Photo courtesy city of Bothell 
                                Exterior of Bothell City Hall.

Photo courtesy city of Bothell Exterior of Bothell City Hall.

Bothell officials address Parr Creek channel flooding

The city council approved an agreement aiming to prevent flooding at its Nov. 19 meeting.

Flooding on 120th Avenue Northeast in Bothell has been a major concern for city officials and residents alike for several years.

At the Nov. 19 council meeting, Bothell councilmembers unanimously approved an agreement that aims to prevent future flooding in the affected area. Councilmember Jeanne Zornes was absent from the meeting.

Winters on 120th Avenue Northeast have typically seen flooding as a result of interference of the city’s stormwater drainage system by the Parr Creek channel. Most of the channel is located in an adjacent private property.

According to the meeting agenda item, the city learned upon inspecting the creek that it contained a heavy amount of vegetation and sediment. This prevented stormwater from efficiently transferring.

Between 2014 and 2017, the city unsuccessfully endeavored to collaborate with the owner of the creek, SCG North Creek Place LLC (SCG), to maintain both the channel and stormwater system.

When this fell through, the city issued a notice of violation against SCG. This decision was appealed by the latter party first to the city’s hearing examiner, then the King County Superior Court after the hearing examiner upheld the notice.

In the spring and summer of this year, the city of Bothell and SCG eventually negotiated a settlement agreement. The agreement calls for the city’s recoupment of prosecution costs. It also entails SCG agreeing to restore Parr Creek before the 2020 fish window ends, to grant the city an access easement that allows Bothell officials to inspect and maintain the private section of the property and to go into a maintenance covenant, which is a document that outlines upkeep.

The decision at the Nov. 19 meeting authorizes the city manager to officially move into the aforementioned agreement, as well as finish any outstanding litigation with the SCG. Ultimately, the agreement seeks to restore the channel to ward off flooding in the future.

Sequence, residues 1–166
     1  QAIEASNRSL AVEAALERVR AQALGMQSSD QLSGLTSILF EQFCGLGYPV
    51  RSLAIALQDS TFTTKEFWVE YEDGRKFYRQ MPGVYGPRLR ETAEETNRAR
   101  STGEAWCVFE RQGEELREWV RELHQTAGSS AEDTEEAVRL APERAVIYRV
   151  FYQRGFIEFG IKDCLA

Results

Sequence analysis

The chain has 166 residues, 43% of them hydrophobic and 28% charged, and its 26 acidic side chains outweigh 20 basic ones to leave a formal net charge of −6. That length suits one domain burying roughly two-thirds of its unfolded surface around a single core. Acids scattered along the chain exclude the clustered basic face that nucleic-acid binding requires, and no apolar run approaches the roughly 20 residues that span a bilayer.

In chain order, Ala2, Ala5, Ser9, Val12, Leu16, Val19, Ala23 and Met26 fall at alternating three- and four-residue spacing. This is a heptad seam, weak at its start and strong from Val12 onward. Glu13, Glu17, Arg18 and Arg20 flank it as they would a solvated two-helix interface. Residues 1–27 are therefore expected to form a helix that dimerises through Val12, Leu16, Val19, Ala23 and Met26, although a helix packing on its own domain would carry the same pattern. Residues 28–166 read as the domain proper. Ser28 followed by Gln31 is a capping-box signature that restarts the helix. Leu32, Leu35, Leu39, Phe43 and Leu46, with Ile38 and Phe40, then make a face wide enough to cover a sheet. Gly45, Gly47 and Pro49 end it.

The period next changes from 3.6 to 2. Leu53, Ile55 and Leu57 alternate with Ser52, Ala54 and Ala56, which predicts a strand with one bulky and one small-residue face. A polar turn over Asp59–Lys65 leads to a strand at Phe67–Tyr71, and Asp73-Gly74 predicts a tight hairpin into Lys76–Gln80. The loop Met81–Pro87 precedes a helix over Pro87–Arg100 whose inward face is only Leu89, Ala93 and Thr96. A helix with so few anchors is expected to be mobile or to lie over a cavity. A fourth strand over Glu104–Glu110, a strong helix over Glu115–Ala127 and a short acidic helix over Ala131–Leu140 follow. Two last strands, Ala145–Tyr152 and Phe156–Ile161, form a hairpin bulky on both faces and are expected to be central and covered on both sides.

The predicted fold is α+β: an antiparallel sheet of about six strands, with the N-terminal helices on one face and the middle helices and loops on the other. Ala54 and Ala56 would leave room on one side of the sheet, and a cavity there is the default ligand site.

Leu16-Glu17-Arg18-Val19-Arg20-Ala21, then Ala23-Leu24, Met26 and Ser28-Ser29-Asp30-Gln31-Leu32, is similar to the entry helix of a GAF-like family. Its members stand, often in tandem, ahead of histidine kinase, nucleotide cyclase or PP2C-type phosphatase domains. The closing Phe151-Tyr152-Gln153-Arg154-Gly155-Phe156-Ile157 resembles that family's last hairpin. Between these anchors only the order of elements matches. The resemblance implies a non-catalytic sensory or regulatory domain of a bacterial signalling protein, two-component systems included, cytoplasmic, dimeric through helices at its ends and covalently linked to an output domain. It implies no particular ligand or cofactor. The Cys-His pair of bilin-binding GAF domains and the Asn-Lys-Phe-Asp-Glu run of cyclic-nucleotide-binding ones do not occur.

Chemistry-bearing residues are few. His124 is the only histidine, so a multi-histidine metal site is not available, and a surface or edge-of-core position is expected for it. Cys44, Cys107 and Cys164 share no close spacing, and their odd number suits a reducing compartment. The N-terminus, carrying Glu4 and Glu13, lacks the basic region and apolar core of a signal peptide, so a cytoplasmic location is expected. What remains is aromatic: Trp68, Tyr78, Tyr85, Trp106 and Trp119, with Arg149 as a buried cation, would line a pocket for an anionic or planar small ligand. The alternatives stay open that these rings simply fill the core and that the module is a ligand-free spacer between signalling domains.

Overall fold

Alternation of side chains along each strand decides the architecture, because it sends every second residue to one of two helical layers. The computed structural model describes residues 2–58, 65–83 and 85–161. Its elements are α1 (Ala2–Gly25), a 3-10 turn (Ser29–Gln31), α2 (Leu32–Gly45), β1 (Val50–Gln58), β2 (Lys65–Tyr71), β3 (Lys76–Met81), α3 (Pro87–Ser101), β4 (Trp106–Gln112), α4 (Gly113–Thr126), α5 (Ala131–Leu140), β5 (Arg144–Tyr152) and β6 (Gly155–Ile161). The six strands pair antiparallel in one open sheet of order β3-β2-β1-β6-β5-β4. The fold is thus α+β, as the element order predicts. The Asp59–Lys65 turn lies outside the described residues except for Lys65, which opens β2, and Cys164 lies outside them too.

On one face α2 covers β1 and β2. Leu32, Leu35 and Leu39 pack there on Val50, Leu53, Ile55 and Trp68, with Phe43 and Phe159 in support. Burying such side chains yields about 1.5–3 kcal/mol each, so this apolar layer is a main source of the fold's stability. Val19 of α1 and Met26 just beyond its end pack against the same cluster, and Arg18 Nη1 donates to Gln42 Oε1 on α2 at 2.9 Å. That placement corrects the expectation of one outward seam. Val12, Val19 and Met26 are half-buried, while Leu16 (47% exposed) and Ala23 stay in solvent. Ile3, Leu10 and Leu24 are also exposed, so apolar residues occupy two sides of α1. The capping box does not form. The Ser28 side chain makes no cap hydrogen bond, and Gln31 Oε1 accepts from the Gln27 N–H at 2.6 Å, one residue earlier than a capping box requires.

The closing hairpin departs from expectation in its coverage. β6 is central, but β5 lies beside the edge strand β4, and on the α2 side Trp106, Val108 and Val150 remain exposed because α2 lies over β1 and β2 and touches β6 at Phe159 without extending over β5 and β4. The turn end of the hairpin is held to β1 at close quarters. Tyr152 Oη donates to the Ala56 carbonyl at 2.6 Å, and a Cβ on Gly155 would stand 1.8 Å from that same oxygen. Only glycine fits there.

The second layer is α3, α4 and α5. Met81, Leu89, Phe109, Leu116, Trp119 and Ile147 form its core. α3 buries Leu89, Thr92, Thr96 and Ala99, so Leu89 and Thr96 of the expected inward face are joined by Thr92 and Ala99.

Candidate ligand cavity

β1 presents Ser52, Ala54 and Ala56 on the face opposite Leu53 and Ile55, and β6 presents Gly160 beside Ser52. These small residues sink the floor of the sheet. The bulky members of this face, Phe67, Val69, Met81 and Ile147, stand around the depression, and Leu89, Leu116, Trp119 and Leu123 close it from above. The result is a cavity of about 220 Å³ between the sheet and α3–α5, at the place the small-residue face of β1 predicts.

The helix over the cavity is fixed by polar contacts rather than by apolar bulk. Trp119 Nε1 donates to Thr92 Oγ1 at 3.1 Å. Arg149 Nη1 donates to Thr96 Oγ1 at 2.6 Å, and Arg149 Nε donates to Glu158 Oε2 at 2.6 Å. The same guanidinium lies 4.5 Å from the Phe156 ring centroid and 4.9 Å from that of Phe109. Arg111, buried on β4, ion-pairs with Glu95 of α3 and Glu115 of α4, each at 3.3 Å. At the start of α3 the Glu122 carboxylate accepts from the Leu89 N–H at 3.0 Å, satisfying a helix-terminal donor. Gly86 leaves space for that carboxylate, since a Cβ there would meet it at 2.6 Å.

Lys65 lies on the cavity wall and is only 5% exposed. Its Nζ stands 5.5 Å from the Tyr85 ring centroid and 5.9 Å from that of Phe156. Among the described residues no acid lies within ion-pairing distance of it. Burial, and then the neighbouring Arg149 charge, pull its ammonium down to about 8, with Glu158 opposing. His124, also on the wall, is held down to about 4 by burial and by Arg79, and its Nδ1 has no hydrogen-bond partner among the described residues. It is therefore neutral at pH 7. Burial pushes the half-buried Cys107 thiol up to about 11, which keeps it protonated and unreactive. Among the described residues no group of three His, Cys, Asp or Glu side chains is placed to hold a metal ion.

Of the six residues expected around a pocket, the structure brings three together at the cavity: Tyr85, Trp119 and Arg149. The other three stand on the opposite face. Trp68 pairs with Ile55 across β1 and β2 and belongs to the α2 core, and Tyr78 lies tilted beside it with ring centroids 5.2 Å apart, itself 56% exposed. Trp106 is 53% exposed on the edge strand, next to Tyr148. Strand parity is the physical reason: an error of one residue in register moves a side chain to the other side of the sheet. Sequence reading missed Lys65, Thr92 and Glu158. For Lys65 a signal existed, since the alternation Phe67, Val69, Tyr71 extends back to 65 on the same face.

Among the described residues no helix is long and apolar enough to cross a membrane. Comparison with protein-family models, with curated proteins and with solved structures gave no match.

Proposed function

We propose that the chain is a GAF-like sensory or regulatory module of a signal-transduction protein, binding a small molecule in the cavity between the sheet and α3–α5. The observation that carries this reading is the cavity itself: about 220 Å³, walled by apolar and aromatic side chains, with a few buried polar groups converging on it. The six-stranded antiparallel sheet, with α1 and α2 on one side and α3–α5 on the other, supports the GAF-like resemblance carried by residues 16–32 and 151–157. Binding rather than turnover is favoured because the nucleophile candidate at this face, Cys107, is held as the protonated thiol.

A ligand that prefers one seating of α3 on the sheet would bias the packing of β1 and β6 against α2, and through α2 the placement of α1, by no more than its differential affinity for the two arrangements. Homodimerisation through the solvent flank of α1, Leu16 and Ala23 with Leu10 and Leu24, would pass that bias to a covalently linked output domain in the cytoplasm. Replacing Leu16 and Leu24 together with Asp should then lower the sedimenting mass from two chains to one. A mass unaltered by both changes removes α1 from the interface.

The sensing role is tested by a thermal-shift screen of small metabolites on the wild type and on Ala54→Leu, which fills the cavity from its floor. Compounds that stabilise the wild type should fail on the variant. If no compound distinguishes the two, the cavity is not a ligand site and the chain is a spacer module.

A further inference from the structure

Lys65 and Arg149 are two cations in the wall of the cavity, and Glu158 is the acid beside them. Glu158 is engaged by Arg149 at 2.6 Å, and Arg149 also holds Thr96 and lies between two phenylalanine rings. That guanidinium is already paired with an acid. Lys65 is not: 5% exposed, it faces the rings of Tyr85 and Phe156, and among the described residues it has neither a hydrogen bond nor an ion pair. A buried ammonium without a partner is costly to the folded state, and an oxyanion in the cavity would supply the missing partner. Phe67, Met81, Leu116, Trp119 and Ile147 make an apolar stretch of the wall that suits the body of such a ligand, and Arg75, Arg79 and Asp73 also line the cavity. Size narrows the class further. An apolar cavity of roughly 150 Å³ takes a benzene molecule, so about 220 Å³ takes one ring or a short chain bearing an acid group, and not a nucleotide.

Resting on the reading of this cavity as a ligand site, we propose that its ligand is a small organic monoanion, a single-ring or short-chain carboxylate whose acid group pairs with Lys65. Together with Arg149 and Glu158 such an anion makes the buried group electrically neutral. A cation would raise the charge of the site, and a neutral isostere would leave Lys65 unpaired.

“This is a really momentous day,” deputy mayor Davina Duerr said. “This is a problem we’ve been dealing with for many seasons…it’s been a long time coming.”

To watch the full Nov. 19 council meeting, go to To learn more about the background behind the decision, go to the

In consideration of how we voice our opinions in the modern world, we’ve closed comments on our websites. We value the opinions of our readers and we encourage you to keep the conversation going.

Please feel free to share your story tips by emailing

To share your opinion for publication, submit a letter through our website Include your name, address and daytime phone number. (We’ll only publish your name and hometown.) We reserve the right to edit letters, but if you keep yours to 300 words or less, we won’t ask you to shorten it.

More in News

State Capitol Building in Olympia. File photo
Politicians get pay raises, state workers get furloughs

A citizens panel approved the hikes in 2019. Unable to rescind them, lawmakers look to donate their extra earnings.

Starting July 6, three road paving projects to prepare for

Two full road closures and night paving work is coming to Redmond Ridge at Novelty Hill Road, near Duvall, July 6 through August

Human remains in West Seattle identified

Bags of body parts were found in a suitcase along a West Seattle beach on June 19.

According to King County’s Mental Illness and Drug Dependency (MIDD) annual report, Seattle had the highest rate of people using services at 36 percent of the total, followed by 31 percent from South King County, 18 percent from the greater Eastside, and 7 percent from north county including Shoreline. Courtesy image
Drug courts, officer de-escalation programs impacted by MIDD cuts

The fund provides money for mental illness and drug dependency programs across King County.

Summer vehicle travel projected to decrease this year

Traffic this summer will likely be lighter across Washington state than previous… Continue reading

Governor Jay Inslee smiles and laughs Sept. 3, 2019, during a speech at the Lynnwood Link Extension groundbreaking in Lynnwood. A Thurston County judge ruled he exceeded his authority when he vetoed single sentences in the state transportation budget in 2019. (Olivia Vanni / Herald file)
Judge invalidates Gov. Inslee’s veto in roads budget

Lawmakers said the governor crossed a constitutional line.

King County cases among younger adults drives increase in COVID-19 numbers

Over half of all new cases are among people ages 20-39

Kirkland man found guilty of promoting prostitution in Eastside sex trafficking ring

Authorities say suspect ran “successful enterprise” for greater half of a decade.

Public and private universities, colleges, technical schools, apprenticeship programs and similar schools and programs may resume general instruction, including in-person classes and lectures, starting Aug. 1. Pictured: The University of Washington-Bothell campus. File photo
Universities and colleges may reopen in fall, governor says

His order requires masks and physical distancing, among other measures, to help prevent infections.

Most Read